LAKE HAVASU CITY–According to the credit reporting agency Experian, millions of property owners who took out home equality lines of credit (HELOCs) in 2005 are about to be surprised when they receive their next mortgage statement.
A report released by the major credit reporting company shows that overall homeowners will be pay an additional $265 billion this year when their HELOCs enter the reimbursement stage.
“Homeowners opened these lines of credit during stable financial times with the assumption that properties would continue to rise,” Supervisor Johnson stated. “Unfortunately, the housing market crashed a couple years after many received their home equality lines and today many homeowners are still facing financial difficulties,” Johnson continued.
HELOCs are when homeowners draw a line of credit on their existing mortgage. “Historically HELOCs were used to make repairs to a property in order to restore or raise the value,” Johnson explained.
According to the Experian report, many individuals who took out these lines of credit from 2005-2008 took out the maximum line of credit they could and never paid down any of it during the ten-year draw period.
“These lines of credit are basically broken down into two periods, the draw and the repayment. During the draw period, homeowners can draw off the line of credit but are only required to make the minimum, no-interest free payment,” Johnson stated. During the repayment period, Experian predicts the payment on these loans to triple or even quadruple for those who have continued to make just the bare minimum payment over the past ten years.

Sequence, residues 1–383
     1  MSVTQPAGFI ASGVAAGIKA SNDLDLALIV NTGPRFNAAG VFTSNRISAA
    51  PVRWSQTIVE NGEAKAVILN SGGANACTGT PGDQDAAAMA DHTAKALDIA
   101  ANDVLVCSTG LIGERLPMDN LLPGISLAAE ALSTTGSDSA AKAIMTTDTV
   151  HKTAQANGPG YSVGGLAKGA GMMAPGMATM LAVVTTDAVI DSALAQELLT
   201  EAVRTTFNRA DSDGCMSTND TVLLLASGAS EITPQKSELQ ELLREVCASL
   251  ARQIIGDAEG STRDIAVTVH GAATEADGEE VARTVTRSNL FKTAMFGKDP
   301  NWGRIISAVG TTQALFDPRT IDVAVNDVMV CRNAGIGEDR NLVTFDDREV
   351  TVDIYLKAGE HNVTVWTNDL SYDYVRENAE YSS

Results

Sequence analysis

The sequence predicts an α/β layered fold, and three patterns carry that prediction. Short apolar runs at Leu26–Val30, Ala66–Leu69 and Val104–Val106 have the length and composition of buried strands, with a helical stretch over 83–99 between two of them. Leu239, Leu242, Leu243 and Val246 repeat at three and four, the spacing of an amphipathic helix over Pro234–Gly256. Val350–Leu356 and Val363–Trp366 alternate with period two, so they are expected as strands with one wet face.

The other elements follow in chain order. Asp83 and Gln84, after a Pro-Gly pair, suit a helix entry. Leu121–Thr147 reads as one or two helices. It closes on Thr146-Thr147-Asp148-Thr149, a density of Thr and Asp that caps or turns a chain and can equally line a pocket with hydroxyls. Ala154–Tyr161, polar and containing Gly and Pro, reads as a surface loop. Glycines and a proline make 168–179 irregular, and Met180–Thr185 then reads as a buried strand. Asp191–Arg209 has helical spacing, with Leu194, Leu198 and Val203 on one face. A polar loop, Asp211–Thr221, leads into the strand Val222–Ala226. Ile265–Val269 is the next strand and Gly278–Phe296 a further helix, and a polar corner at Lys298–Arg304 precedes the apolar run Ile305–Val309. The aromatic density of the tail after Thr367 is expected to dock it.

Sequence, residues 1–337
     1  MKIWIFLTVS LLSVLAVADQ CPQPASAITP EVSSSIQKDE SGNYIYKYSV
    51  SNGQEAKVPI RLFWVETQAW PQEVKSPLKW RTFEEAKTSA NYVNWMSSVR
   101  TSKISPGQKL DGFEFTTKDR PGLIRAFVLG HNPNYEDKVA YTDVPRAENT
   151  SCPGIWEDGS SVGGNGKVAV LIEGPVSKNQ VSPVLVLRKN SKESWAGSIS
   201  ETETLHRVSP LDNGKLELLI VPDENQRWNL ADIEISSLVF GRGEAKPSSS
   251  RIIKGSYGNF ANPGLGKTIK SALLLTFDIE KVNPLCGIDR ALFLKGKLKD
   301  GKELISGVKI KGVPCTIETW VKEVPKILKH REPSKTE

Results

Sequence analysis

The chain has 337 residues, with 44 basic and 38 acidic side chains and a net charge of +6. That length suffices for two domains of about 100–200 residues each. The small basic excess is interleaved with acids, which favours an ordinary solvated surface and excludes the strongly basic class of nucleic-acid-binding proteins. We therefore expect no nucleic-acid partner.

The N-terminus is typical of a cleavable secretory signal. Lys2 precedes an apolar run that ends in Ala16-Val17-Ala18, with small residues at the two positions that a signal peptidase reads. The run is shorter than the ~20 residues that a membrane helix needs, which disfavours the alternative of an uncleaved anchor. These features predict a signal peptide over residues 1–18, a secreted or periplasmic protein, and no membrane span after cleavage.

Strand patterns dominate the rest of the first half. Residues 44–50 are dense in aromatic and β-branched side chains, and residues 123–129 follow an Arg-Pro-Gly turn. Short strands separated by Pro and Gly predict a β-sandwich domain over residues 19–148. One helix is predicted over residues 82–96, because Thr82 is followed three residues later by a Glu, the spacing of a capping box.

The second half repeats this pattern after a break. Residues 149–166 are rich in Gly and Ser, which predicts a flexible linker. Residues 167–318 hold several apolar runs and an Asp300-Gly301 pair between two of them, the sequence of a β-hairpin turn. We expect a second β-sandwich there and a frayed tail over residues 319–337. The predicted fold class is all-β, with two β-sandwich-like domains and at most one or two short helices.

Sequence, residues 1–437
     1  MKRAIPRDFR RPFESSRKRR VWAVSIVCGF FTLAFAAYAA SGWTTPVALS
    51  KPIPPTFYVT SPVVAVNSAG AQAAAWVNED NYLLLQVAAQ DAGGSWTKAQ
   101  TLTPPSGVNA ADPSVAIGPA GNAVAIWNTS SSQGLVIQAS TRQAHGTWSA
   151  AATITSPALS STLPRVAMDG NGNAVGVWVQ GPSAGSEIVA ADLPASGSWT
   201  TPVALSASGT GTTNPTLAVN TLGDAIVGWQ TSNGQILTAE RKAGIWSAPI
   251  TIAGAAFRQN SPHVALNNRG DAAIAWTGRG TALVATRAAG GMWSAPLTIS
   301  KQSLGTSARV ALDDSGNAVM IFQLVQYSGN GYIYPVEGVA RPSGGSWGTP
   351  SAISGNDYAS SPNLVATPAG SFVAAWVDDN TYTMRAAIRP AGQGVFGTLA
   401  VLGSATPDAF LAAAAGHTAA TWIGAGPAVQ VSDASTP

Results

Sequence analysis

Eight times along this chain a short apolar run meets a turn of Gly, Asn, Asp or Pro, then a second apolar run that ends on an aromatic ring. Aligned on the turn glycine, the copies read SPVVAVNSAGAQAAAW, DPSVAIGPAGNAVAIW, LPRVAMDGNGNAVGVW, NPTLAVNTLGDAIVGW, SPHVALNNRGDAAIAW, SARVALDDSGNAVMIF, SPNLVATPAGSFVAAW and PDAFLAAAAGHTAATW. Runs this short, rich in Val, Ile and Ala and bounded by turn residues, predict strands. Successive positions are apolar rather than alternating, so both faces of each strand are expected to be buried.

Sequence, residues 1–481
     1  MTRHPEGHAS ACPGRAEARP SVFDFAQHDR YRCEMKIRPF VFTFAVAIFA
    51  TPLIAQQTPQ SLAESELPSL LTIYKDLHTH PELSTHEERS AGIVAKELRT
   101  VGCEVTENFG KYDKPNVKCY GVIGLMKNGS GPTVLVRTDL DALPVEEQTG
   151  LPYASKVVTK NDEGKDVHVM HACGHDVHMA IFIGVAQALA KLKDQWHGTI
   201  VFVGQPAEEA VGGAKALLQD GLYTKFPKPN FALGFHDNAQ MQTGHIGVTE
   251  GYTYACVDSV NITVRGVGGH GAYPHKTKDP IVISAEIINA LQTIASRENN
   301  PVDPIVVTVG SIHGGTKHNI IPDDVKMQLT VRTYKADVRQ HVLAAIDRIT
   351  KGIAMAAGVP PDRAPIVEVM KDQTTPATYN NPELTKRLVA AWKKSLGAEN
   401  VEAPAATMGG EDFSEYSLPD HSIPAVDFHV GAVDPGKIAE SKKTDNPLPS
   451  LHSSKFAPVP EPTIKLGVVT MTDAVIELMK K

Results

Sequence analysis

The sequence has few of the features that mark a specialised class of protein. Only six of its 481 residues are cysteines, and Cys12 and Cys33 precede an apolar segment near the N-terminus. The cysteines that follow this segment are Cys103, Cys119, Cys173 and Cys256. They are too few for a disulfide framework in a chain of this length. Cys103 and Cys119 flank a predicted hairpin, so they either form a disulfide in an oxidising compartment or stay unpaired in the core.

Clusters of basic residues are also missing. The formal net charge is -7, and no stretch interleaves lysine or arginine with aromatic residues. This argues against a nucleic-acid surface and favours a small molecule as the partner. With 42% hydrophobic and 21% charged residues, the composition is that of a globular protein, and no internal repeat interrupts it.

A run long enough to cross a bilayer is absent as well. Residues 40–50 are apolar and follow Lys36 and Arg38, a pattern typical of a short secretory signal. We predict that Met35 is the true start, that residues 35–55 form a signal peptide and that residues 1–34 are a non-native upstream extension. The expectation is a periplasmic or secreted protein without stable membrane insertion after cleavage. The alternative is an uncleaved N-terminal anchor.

For homeowners about to face the reality of repayment, there are some options available. For homeowners with good credit, refinancing and renegotiating the terms of the loan with the bank is always an option.
“During these hard economic times, many folks do not have the credit to refinance these loans; however, if homeowners contact their bank early enough there may be some assistance they can give them,” Johnson suggested.
While refinancing may be an option for some, for many whose property values have not recovered since the financial crash this option may not be available.
According to Experian, many who took out the HELOCs ten years ago did so to improve on the value of their house and in today’s housing market property values are still lower than they were in 2005.
For homeowners who took out a $100,000 HELOC in 2005 with a 3.75% interest rate, their monthly payment could rise by around $400 a month. “During these difficult times, homeowners may have a hard time adding an additional $400 to their budget. If all these HELOCs are coming due now, this could put a damper on our economy and slow down the financial recover process for many Americans,” Johnson continued.